Stan Lee's team absolutely slams Bill Maher over his comments about the Marvel legend

Stan Lee's team absolutely slams Bill Maher over his comments about the Marvel legend

Stan Lee, the man who co-created and wrote numerous comic book heroes, from Spider-Man to Iron Man to the Hulk, passed away at the age of 95 last week.

Since the 1960s, his creations have had a significant effect on the world, through fans' personal connection with this work and the ways in which they changed pop culture.

In more recent years, his creations have made their way onto the big screen, slowly but surely becoming the biggest sub-genre in Hollywood today. Given his charismatic appearances throughout these movies in small cameos, and the fact he helped Marvel reach the level of success it has seen today, means that there were plenty who knew him - many of which expressed their sadness at his passing.

However, according to Bill Maher, these responses are just a case of arrested development. On his blog, Real Time with Bill Maher, he wrote a post titled 'Adulting', in which he took issue with the pedestal fans had put Lee on, and openly mocked both his work and those that enjoy it.

“The guy who created Spider-Man and the Hulk has died, and America is in mourning," he wrote. "Deep, deep mourning for a man who inspired millions to, I don’t know, watch a movie, I guess.”

He continued by claiming that any adults who read comics should be reading “big-boy books without the pictures,” a line that would be original if it wasn't uttered by bullies to their comic-reading classmates for the last fifty years. “I don’t think it’s a huge stretch to suggest that Donald Trump could only get elected in a country that thinks comic books are important,” Maher added.

The issue here is less that Maher thinks that comic books and the movies they've led to are stupid (which he has every right to think, obviously), but that he's taking the time to shame others for what they like. On top of this, he's bashing someone who - like it or not - was a cultural icon, the same week that he passed away. However, this isn't exactly a new look for Maher, who once wore a 'dead Steve Irwin' costume shortly after his death.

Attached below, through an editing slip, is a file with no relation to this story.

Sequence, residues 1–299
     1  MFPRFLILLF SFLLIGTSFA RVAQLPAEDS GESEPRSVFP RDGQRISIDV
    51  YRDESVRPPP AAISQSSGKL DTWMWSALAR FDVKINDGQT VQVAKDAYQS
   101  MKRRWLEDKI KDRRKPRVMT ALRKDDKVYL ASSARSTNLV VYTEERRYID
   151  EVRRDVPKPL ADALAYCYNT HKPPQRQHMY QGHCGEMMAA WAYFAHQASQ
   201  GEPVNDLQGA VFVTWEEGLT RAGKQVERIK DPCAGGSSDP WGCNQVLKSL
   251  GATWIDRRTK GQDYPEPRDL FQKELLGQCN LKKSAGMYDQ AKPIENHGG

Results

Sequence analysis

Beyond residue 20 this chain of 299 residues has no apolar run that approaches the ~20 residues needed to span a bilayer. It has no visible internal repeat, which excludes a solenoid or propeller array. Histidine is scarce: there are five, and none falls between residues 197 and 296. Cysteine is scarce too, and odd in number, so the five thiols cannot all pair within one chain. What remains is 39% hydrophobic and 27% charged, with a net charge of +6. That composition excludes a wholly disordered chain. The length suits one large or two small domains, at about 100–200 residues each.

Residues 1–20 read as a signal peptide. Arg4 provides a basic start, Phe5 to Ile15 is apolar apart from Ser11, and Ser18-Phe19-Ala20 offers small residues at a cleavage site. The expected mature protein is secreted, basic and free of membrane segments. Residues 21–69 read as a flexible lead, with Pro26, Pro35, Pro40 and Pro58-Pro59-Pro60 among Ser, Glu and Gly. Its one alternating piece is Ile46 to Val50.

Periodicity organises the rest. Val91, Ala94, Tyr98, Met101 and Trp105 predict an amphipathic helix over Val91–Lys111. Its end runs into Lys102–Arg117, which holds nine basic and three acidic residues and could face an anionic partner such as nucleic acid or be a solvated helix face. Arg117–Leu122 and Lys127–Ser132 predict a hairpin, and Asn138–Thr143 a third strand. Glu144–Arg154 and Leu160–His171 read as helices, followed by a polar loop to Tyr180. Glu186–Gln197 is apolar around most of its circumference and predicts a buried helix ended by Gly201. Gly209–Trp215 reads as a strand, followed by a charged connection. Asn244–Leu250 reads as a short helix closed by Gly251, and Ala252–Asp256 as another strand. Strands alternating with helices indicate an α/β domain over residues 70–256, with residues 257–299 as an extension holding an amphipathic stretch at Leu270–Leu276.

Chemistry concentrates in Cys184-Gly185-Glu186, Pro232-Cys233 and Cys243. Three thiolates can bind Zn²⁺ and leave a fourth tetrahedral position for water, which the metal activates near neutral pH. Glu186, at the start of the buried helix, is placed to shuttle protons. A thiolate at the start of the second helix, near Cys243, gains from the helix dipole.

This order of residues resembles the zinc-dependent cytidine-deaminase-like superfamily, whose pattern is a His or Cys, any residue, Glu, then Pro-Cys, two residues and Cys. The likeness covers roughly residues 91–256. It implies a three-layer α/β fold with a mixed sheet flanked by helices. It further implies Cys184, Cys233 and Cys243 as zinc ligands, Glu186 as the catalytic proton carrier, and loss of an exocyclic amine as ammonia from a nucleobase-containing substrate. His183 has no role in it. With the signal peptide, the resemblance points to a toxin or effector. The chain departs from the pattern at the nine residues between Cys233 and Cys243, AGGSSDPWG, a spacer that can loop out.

No one was very happy with this particular hot take, especially since the callous remarks came so shortly after Lee's death.

On top of that, it was pointed out that Maher had very little problem with the movies he was lambasting when he picked up a paycheque for appearing in Iron Man 3.

In the wake of this, the team at Stan Lee's company POW! Entertainment have responded to the comments, posting an open letter to their website. "Comic books, like all literature, are storytelling devices," the letter begins. "When written well by great creators such as Stan Lee, they make us feel, make us think and teach us lessons that hopefully make us better human beings.

"One lesson Stan taught so many of us was tolerance and respect, and thanks to that message, we are grateful that we can say you have a right to your opinion that comics are childish and unsophisticated. But to say that Stan merely inspired people to “watch a movie” is in our opinion frankly disgusting.

"Countless people can attest to how Stan inspired them to read, taught them that the world is not made up of absolutes, that heroes can have flaws and even villains can show humanity within their souls.

"He gave us the X-Men, Black Panther, Spider-Man and many other heroes and stories that offered hope to those who felt different and bullied while inspiring countless to be creative and dream of great things to come.

"These are but a few of the things we the fans of Stan Lee also consider “adulting,” because life both as a child and grown-up can indeed be a struggle. Stan is the author of millions of happy childhood memories and the provider of so many of the positive tools of adulthood.

They then conclude by referring to one of Stan's most iconic comic book lessons to give Maher a little advice. "You have a powerful platform, so please remember: “With great power there must also come — great responsibility!”"